Procter & Gamble, in partnership with recycling and environmental management companies TerraCycle and Suez, have developed what they say is the world’s first recyclable shampoo bottle made from up to 25 percent recycled beach plastic.
The Head & Shoulders shampoo bottle will debut in France this summer at Carrefour.
The companies say this will be the world’s largest production run of recyclable bottles made with post-consumer recycled beach plastic.
It comes as leading companies such as Unilever are turning their attention to plastic waste ending up in oceans and other waterways. On Monday, Unilever CEO Paul Polman called on the consumer goods industry to address ocean plastic waste and employ circular economy models to increase plastic recycling rates.
P&G says that in Europe by end of 2018 more than half a billion bottles per year will include up to 25 percent post-consumer recycled plastic. This represents more than 90 percent of all the hair care bottles sold in Europe across P&G’s hair care portfolio of brands including Pantene and Head & Shoulders.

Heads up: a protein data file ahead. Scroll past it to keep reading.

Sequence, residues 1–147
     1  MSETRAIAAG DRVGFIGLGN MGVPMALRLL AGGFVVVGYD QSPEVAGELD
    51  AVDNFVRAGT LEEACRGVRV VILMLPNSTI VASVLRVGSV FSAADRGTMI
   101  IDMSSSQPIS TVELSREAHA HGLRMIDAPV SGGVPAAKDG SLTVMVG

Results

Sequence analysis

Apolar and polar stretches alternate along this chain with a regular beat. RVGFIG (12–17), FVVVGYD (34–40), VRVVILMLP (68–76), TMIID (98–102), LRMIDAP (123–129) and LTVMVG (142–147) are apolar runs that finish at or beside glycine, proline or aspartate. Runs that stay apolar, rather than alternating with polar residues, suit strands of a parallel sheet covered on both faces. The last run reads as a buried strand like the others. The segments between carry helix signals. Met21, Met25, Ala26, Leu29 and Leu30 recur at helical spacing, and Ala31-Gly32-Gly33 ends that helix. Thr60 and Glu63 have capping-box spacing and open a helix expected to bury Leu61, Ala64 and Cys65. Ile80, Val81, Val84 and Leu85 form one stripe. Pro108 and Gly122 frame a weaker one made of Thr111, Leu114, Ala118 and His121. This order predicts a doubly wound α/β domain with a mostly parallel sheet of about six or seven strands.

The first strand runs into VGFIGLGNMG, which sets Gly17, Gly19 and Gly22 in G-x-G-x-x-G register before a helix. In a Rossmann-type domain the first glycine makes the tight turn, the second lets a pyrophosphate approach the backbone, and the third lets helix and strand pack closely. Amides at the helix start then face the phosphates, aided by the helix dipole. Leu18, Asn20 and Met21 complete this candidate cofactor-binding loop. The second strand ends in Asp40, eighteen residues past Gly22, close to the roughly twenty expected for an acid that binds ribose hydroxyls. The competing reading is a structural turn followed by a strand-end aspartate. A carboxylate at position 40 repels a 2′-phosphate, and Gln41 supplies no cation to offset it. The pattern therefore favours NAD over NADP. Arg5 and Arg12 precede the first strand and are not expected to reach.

The project will require a supply of 2,600 tons of recycled plastic every year. P&G has been using post-consumer recycled (PCR) plastic in packaging for over 25 years and has set a 2020 goal of doubling the tonnage of PCR plastic used in packaging.
Last week P&G pledged to eliminate all manufacturing waste from its global network of more than 100 production sites by 2020.
The companies announced the shampoo bottle partnership in Davos, on the sidelines of the annual World Economic Forum happening this week, where the circular economy and recycling initiatives have been a big topic for corporate attendees.
Also in Davos, Unilever pledged 100 percent of its plastic packaging will be fully reusable, recyclable or compostable by 2025, while Unilever and other multinationals such as Amcor, Coca-Cola, Danone, Mars, Novamont and Veolia endorsed a circular economy plan to ensure 70 percent of plastic packaging is reused and recycled globally, up from today’s recycling rate of 14 percent.
On Monday TerraCycle, in partnership with the city of Davos, launched a city-wide collection and recycling program for cigarette butts.
The P&G partnership also comes at an important time for Paris-based Suez, which, earlier this month acquired a stake in smart waste and recycling startup Rubicon Global that will allow it to reenter the US market.
Last October Suez bought 30 percent of TerraCycle’s operations in Europe in a move that allowed it to expand its recycling services for challenging materials in Belgium, Finland, France, the Netherlands, the UK and Sweden.